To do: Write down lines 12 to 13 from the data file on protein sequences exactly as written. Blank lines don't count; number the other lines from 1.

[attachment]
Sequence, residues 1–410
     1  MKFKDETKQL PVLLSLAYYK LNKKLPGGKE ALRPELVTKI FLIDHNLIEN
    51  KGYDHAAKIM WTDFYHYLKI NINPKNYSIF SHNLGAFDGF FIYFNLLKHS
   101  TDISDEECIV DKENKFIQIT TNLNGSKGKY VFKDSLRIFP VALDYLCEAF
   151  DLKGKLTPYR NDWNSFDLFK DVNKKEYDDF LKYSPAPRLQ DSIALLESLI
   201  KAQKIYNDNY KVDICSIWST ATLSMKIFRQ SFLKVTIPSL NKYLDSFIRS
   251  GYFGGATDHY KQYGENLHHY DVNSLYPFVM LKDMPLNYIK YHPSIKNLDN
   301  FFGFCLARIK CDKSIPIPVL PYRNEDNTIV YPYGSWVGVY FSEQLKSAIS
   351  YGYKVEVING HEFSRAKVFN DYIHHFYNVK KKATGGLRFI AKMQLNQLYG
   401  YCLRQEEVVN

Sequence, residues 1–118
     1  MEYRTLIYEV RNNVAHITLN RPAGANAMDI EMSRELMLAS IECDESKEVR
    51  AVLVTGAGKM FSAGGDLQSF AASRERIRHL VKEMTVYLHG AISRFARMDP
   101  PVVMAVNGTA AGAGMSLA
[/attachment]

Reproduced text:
     1  MEYRTLIYEV RNNVAHITLN RPAGANAMDI EMSRELMLAS IECDESKEVR
    51  AVLVTGAGKM FSAGGDLQSF AASRERIRHL VKEMTVYLHG AISRFARMDP